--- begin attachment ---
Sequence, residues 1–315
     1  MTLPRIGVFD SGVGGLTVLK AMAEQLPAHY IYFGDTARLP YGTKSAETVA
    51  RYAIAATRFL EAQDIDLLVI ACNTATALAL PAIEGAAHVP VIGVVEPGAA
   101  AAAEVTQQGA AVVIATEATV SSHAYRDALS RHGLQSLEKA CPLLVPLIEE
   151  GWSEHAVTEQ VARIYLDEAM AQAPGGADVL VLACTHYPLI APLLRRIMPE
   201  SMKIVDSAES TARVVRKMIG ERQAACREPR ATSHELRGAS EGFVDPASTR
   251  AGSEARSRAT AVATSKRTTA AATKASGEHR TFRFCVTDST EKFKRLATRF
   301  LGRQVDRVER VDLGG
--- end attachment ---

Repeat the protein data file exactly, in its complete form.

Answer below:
Sequence, residues 1–315
     1  MTLPRIGVFD SGVGGLTVLK AMAEQLPAHY IYFGDTARLP YGTKSAETVA
    51  RYAIAATRFL EAQDIDLLVI ACNTATALAL PAIEGAAHVP VIGVVEPGAA
   101  AAAEVTQQGA AVVIATEATV SSHAYRDALS RHGLQSLEKA CPLLVPLIEE
   151  GWSEHAVTEQ VARIYLDEAM AQAPGGADVL VLACTHYPLI APLLRRIMPE
   201  SMKIVDSAES TARVVRKMIG ERQAACREPR ATSHELRGAS EGFVDPASTR
   251  AGSEARSRAT AVATSKRTTA AATKASGEHR TFRFCVTDST EKFKRLATRF
   301  LGRQVDRVER VDLGG